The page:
Monday, August 12, 2013

Paying College Athletes.

A huge debate has been going on about whether or not college athletes should be paid for their contributions to the respected university.I had a different view of this until recently I found out that student athletes we not allowed to have jobs during their time at a university.

Sport enthusiasts favoring the idea of paying student-athletes argue that student-athletes should be paid, in light of the huge revenues they have generated for the colleges and universities. They also believe that paying student-athletes would alleviate problems related to illegal payments and point shaving. Paying student-athletes would provide athletes an incentive to stay in school and complete their degree programs, instead of leaving early for the professional leagues.

On the other hand:
Student-athletes already are richly compensated. When athletes accept scholarships, they are provided tuition, books, meals, housing, and sometimes graduate assistantships. At some colleges and universities, such support may reach a value of $200,000 or more over a four-year period. Student-athletes may also receive special treatment when it comes to academic issues, for example priority scheduling, tutoring assistance, and excused absences.

Both are reasonable points, the thing that sways my opinion to allow compensation is the fact that college athletes are putting their bodies on the line for the university. The colleges are getting rich off of young adults who are in the same amount of danger as their professional counterparts. Video games, jerseys, any college products that include players are exploiting them for their own monetary gain.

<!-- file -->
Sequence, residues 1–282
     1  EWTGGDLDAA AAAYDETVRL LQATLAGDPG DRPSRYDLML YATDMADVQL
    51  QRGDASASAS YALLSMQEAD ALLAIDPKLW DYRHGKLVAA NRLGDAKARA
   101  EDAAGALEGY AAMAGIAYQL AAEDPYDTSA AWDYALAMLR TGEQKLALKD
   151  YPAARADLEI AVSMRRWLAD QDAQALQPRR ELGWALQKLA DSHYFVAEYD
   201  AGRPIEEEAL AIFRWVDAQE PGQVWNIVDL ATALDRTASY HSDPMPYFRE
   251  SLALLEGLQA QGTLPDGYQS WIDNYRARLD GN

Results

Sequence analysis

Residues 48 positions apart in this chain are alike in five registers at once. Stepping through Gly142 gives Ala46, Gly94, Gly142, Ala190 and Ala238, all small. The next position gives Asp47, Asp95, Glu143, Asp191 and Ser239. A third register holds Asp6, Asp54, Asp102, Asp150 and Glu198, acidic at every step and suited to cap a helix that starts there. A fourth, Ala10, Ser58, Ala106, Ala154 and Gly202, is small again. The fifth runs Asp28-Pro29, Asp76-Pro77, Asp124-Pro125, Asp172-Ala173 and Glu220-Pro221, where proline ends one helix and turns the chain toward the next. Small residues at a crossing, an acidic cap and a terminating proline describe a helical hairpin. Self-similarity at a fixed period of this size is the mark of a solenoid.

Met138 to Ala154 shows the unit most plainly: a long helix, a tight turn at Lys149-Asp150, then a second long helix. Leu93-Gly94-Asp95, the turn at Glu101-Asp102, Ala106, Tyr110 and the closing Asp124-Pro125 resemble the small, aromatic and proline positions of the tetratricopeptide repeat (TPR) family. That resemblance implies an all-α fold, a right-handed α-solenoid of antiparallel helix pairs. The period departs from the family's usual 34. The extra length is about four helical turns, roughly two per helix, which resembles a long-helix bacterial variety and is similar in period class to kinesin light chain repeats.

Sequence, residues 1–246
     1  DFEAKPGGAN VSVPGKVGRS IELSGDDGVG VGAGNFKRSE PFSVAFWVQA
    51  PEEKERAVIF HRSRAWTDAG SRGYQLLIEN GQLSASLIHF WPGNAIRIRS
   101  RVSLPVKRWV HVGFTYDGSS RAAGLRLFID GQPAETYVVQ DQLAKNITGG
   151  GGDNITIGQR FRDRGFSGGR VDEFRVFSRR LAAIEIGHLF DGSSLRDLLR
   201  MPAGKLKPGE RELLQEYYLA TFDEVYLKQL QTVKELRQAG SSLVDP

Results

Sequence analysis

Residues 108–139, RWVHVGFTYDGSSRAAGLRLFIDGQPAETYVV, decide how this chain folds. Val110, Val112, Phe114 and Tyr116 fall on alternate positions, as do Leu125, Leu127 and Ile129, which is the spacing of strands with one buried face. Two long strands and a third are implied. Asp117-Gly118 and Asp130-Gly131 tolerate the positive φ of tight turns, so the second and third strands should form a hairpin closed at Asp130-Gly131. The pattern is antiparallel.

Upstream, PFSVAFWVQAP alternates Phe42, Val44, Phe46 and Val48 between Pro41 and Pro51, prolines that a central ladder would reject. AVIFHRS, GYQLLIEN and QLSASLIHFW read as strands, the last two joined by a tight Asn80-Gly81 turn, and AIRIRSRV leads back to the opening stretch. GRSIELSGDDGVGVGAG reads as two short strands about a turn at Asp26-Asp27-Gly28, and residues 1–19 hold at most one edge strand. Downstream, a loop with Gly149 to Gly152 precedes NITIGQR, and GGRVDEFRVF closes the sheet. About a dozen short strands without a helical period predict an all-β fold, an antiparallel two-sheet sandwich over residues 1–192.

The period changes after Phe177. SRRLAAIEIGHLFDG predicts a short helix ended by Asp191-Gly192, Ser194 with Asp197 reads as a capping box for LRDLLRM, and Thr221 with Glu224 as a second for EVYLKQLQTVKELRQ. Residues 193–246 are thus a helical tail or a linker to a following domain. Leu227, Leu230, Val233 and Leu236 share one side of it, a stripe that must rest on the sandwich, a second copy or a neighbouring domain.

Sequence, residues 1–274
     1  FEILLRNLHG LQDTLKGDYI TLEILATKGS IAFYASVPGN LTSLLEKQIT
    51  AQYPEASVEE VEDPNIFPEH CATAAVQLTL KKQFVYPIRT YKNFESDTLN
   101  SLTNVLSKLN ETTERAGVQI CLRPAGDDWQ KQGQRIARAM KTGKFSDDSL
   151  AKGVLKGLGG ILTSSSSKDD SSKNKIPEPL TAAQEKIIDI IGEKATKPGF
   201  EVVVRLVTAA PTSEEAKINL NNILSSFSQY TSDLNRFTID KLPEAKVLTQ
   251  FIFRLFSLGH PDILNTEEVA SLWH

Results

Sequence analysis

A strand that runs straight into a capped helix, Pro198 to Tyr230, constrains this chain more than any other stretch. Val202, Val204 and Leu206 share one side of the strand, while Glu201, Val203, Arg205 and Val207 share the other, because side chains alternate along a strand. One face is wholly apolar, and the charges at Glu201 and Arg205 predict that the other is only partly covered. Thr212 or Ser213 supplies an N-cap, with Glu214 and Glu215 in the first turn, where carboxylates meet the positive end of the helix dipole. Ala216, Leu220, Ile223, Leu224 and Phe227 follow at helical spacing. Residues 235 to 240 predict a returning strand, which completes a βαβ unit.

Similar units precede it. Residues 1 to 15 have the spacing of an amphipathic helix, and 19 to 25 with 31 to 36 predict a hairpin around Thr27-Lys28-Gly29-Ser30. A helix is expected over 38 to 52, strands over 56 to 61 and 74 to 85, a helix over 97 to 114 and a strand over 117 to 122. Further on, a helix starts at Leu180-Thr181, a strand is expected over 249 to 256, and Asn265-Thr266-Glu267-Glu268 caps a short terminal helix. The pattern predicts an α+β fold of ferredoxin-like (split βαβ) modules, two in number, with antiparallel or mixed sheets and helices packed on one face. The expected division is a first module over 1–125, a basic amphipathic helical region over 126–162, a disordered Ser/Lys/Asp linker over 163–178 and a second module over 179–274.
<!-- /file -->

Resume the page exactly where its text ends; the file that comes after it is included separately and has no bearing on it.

There is also the subject of importance to the university. The University of Tennessee makes most of its sports money from football and basketball, so if a sweeping student athlete compensation package came, where would that leave women's softball or track and field? There isn't going to be an easy and probably not a fair way to do it. This doesn't change the fact that it needs to be done.

I don't have a solution, and I am glad I'm not tasked with coming up with one. The things college athletes do for their university cannot be ignored. With so many college sports being played, and so much revenue being generated, this issue will not be resolved quickly or easily.

No comments: